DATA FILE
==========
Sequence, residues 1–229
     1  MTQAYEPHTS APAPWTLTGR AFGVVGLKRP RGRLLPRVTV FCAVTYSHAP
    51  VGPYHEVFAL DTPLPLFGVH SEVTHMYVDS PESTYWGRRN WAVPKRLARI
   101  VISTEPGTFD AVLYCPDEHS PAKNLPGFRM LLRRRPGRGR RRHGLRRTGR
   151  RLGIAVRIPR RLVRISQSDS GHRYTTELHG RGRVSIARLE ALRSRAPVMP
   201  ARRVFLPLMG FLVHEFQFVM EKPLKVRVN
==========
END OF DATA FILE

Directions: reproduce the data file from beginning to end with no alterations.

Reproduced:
Sequence, residues 1–229
     1  MTQAYEPHTS APAPWTLTGR AFGVVGLKRP RGRLLPRVTV FCAVTYSHAP
    51  VGPYHEVFAL DTPLPLFGVH SEVTHMYVDS PESTYWGRRN WAVPKRLARI
   101  VISTEPGTFD AVLYCPDEHS PAKNLPGFRM LLRRRPGRGR RRHGLRRTGR
   151  RLGIAVRIPR RLVRISQSDS GHRYTTELHG RGRVSIARLE ALRSRAPVMP
   201  ARRVFLPLMG FLVHEFQFVM EKPLKVRVN